Talk about bad faith.
On Monday, the Trump campaign sent a memo to TV producers arguing that prominent Trump critics — including four Democratic members of Congress, the chair of the Democratic National Committee, and former CIA Director John Brennan — should be banned from appearing on news segments.
The reason? All six people have made comments about Trump and Russia that the Trump team disagrees with.
Tim Murtaugh, communications director for the Trump campaign, claims in the memo that Brennan, DNC Chair Tom Perez, Sen. Richard Blumenthal (D-CT), and Reps. Jerrold Nadler (D-NY), Adam Schiff (D-CA), and Eric Swalwell (D-CA), have all made “outlandish, false claims” about the likelihood that Trump or members of his campaign colluded with Russia on its election-meddling.
Murtaugh then begs producers to “employ basic journalistic standards” when considering whether these members of Trump’s enemies list “warrant further appearances” — or, in other words, to never book them again. If producers do decide to book them, Murtaugh begs that anchors at least “challenge them to provide the evidence which prompted them to make the wild claims in the first place.”
There’s a lot to unpack here.
First of all, Trump is routinely represented on TV by serial liars like Kellyanne Conway, Sarah Huckabee Sanders, and Rudy Giuliani. Even if the claims about Trump critics lying were true, it would take a lot of chutzpah for the Trump campaign to try to take the high road on facts and truth.
But more to the point, the claims about lying aren’t true.
The Trump campaign, like the Trump White House, is promoting the bogus idea that the Mueller report has completely exonerated Trump — even though almost no one, including the White House, has gotten the chance to read that report in full.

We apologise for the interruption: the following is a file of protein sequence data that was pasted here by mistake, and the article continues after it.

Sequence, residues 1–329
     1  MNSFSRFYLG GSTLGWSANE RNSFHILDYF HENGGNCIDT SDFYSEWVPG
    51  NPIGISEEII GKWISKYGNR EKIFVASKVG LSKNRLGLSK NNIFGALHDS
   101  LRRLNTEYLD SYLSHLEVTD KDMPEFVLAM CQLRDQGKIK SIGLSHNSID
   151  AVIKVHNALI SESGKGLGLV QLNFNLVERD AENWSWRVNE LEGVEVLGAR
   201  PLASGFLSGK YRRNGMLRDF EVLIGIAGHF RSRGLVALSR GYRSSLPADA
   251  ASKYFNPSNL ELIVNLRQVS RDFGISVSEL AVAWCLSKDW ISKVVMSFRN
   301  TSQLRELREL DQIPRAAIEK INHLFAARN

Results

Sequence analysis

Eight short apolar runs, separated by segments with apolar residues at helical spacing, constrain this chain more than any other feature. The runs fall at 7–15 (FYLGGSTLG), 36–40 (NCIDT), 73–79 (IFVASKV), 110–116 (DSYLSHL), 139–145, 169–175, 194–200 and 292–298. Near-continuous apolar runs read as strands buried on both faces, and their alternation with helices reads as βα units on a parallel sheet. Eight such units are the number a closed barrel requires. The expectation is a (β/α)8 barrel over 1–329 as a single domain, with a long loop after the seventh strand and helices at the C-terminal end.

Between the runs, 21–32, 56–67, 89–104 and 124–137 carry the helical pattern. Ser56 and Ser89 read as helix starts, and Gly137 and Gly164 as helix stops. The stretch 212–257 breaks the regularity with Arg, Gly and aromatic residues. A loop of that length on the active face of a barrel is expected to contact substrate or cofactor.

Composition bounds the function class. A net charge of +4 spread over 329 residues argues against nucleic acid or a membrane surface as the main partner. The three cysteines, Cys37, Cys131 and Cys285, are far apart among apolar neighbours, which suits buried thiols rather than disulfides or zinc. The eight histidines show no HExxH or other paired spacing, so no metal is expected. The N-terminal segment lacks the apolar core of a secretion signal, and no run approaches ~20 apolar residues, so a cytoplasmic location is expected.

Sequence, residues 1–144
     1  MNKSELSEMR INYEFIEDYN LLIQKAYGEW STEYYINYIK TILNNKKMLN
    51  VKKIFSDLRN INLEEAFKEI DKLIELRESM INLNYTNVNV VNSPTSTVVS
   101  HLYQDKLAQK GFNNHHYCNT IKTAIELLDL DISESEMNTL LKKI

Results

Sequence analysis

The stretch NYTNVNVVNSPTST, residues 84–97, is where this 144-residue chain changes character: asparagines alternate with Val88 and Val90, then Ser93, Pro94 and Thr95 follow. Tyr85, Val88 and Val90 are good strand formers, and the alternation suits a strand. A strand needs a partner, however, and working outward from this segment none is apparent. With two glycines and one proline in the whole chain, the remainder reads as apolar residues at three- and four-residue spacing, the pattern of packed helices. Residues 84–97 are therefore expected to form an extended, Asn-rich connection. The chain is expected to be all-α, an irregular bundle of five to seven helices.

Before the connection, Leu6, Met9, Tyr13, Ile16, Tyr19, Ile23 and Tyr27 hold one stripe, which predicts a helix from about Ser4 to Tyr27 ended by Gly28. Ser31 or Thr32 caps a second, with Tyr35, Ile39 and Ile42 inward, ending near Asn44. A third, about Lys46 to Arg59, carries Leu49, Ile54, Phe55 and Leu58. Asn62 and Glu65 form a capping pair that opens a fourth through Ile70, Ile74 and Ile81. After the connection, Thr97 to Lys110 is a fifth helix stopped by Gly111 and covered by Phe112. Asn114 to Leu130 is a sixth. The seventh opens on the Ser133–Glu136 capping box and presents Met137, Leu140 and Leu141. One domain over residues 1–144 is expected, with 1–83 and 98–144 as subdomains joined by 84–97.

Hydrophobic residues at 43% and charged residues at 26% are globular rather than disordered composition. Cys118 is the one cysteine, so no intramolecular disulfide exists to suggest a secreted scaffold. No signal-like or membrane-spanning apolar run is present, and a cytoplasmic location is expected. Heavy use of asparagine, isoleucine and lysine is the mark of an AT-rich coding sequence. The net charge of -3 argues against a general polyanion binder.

The only thing made public so far is a four-page summary of Mueller’s report that is written by a biased source: William Barr, Trump’s hand-picked attorney general.
And even that likely skewed summary included a quote from the Mueller report making clear that the report “does not exonerate” Trump on the question of obstruction of justice.
It’s true that Barr’s report also says the Mueller report “did not establish that members of the Trump Campaign conspired or coordinated with the Russian government in its election interference activities.”
But we don’t know what else the Mueller report said about the Trump campaign’s dealings with Russia. And being unable to “establish” collusion beyond a reasonable doubt is not the same thing as saying there was no evidence for it.
That’s what the six critics on the Trump campaign’s list were talking about: evidence of collusion. And there’s plenty of that — both in public reports, and potentially as part of investigations still being conducted by Congress.
It’s hard to say whether the Trump campaign’s stunt is more pathetic, or more scary. It’s a chilling attempt to stifle freedom of the press, but it’s also a flatly absurd gambit from a group of serial liars.
In other words, it’s typical Trump behavior.
Published with permission of The American Independent.